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Atherosclerosis. Author manuscript; available in PMC Mar 1, 2010.
Published in final edited form as:
PMCID: PMC2675538
NIHMSID: NIHMS102757

Cardiorespiratory Fitness and Coronary Artery Calcification in Young Adults: The CARDIA Study

Abstract

Whether cardiorespiratory fitness relates to early subclinical atherosclerotic vascular disease remains unknown. We investigated the relation of cardiorespiratory fitness to coronary artery calcification (CAC) in 2373 African-American and White young adults from the Coronary Artery Risk Development in Young Adults (CARDIA) Study. We measured cardiorespiratory fitness in 1985-1986 (baseline) using a symptom-limited exercise test on a treadmill. Coronary calcium scores were measured in 2001-2002 (year 15) using electron-beam or multi-detector computed tomography. CAC was classified as present or absent, while cardiorespiratory fitness was classified as sex-specific low, moderate, and high fitness categories. After adjustment for age, sex, race, clinical center, education, cigarette smoking, waist girth, alcohol intake, physical activity, systolic blood pressure, antihypertensive medication use, diabetes mellitus, and fasting insulin, baseline cardiorespiratory fitness was inversely associated with prevalence of CAC in young adults (P for trend = 0.03). The odds ratios of having CAC for persons in the moderately and highly fit individuals were 0.80 (95% confidence interval (CI), 0.55-1.15) and 0.59 (95% CI, 0.36-0.97), respectively, as compared with the low-fit individuals. High levels of cardiorespiratory fitness were associated with a lower risk of having coronary calcification 15 years later in African-American and White young adults.

Keywords: Coronary artery calcification, Cardiorespiratory fitness, Physical activity

Introduction

Atherosclerosis is a major cause of stroke and coronary heart disease (CHD). Coronary artery calcification (CAC) is a subset of atherosclerosis that is positively associated with CHD and cardiovascular disease (CVD) events [1,2]. Cardiorespiratory fitness, an objective marker of physical activity, is also determined by genetics, subclinical disease, and behavioral and environmental factors [3]. Cardiorespiratory fitness is a strong predictor of all-cause and CVD mortality [4-6]. Improvements in fitness reduce blood pressure [7, 8] and improve lipid profile [7,8], sensitivity to insulin [9], blood coagulation [10], platelet aggregation [11], fibrinolysis [12, 13], and antioxidant defense systems [14-16]. However, the effects of cardiorespiratory fitness on the progression of early subclinical atherosclerotic vascular disease remain less clear. An inverse association between cardiorespiratory fitness and carotid artery intima-media thickness has been reported [17,18]. Although no association was seen between coronary calcium scores and physical activity [19,20], a close correlate of fitness [21], several clinical trials have also shown that exercise training coupled with other lifestyle modifications slowed progression of coronary atherosclerosis in CHD patients [22-26]. To address atherosclerotic vascular disease prevention strategies, it is important to investigate whether cardiorespiratory fitness is associated with reduced early atherosclerotic vascular disease risk in young adults. We therefore investigated whether cardiorespiratory fitness relates to CAC in African-American and White young adults from the Coronary Artery Risk Development in Young Adults (CARDIA) Study. Because physical activity is the most important behavioral determinant of fitness, we also studied habitual physical activity in relation to CAC.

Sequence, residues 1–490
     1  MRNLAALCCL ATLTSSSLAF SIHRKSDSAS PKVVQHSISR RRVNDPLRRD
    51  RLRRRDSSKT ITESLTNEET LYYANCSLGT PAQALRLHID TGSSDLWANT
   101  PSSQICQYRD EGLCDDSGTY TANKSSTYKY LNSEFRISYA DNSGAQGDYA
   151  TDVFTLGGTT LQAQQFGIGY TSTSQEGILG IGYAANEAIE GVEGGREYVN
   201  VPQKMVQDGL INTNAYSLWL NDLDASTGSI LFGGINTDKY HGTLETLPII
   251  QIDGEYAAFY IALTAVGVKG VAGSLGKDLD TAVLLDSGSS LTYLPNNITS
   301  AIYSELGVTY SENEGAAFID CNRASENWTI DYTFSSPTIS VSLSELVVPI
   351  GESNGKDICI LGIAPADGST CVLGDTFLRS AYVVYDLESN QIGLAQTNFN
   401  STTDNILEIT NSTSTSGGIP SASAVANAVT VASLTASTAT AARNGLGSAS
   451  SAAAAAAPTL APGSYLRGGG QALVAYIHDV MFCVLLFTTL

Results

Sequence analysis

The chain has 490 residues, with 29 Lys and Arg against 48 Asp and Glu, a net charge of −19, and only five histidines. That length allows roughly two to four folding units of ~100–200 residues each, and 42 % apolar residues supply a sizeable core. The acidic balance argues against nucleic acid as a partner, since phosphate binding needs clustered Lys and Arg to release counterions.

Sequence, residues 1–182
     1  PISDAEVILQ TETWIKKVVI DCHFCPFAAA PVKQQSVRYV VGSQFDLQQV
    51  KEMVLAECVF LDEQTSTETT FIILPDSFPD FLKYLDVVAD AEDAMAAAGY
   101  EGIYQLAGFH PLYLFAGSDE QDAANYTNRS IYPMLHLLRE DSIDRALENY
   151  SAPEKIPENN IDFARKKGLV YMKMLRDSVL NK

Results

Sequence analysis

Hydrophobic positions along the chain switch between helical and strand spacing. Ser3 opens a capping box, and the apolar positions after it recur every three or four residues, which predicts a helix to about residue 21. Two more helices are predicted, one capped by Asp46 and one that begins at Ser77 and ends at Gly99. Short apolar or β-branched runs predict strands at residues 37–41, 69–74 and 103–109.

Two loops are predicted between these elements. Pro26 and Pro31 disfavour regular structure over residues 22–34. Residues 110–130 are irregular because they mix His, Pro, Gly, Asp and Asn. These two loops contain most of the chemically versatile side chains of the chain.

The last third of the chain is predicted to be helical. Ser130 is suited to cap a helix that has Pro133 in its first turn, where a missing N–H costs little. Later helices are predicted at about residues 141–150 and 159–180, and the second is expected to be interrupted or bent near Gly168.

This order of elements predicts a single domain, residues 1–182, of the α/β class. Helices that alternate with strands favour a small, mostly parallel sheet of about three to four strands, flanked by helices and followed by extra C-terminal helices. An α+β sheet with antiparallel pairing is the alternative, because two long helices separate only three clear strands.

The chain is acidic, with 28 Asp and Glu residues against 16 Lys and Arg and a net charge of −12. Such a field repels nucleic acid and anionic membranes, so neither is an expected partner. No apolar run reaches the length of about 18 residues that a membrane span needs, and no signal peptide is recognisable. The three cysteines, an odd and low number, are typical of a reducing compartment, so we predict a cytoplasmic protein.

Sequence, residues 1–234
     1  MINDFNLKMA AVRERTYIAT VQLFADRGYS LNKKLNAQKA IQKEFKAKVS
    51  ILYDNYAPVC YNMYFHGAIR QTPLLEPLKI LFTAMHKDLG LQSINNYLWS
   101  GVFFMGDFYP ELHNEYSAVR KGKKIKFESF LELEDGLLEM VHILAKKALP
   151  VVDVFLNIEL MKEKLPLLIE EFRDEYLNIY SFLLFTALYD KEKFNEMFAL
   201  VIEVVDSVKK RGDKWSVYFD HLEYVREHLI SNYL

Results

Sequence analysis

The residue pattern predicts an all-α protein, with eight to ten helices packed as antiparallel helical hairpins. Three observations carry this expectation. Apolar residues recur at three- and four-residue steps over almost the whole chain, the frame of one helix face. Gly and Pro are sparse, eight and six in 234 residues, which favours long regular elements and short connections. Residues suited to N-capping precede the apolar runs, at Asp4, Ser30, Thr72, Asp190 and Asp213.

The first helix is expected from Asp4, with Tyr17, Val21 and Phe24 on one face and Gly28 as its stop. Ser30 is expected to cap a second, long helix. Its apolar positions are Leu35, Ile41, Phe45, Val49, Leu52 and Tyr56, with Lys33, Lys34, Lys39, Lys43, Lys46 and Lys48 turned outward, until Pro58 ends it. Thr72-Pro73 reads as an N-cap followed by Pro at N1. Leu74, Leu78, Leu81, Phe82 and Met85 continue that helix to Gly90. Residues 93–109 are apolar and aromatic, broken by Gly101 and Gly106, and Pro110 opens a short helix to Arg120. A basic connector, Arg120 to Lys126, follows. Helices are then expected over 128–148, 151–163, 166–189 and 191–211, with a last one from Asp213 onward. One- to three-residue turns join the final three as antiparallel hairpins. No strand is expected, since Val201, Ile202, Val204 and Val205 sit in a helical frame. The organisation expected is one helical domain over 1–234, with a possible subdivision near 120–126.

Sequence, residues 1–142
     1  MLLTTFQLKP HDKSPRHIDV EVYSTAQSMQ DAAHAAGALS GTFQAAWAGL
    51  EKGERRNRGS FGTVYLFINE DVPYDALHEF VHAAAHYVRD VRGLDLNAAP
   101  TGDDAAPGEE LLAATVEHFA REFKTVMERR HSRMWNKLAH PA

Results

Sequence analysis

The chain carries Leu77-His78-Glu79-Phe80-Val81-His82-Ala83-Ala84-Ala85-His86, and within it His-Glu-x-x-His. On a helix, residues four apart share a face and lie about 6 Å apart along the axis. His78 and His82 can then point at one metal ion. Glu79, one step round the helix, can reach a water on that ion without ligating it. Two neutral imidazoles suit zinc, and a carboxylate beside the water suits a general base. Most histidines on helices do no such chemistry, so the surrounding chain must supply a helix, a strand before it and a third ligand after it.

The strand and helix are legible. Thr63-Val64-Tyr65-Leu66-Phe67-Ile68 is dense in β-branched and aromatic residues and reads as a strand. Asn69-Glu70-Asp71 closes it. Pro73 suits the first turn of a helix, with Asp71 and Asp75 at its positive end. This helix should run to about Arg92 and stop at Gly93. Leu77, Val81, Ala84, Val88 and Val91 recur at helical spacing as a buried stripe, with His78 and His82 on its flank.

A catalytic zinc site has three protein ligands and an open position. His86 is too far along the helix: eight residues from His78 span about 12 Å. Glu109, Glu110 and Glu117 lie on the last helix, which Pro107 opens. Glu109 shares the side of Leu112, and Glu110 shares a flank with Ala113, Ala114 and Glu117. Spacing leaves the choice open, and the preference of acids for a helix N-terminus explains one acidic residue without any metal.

2. Methods

2.1. Study population

The CARDIA study is a population-based cohort study to investigate the etiology of atherosclerosis in a young biracial population from 4 United States communities: Birmingham, Ala; Chicago, Ill; Minneapolis, Minn; and Oakland, Calif. The baseline study population comprises 5,115 African-American and White men and women, ages 18 to 30 years, recruited in 1985 to 1986 (Year 0). The participants were selected using a balanced design by race, gender, educational attainment (high school or less and more than high school), and age groups (18-24 and 25-30). The complete study design, sampling strategy, and examination techniques have been reported previously [27]. The participants were reexamined during 1987-1988 (Year 2), 1990-1991 (Year 5), 1992-1993 (Year 7), 1995-1996 (Year 10), and 2000-2001 (Year 15), with retention rates of 90%, 86%, 81%, 79%, and 74%, respectively. At year 15 examination, 3672 participants returned to examination. Of these, 3042 participants had a coronary artery scan to determine the presence or absence of calcium deposits in the arteries. The current study is based on those participants who had a baseline treadmill test (year 0) and a coronary artery scan at the year 15 examination. The participants' age ranged from 33 to 45 years at year 15 examination.

2.1.1. Measurements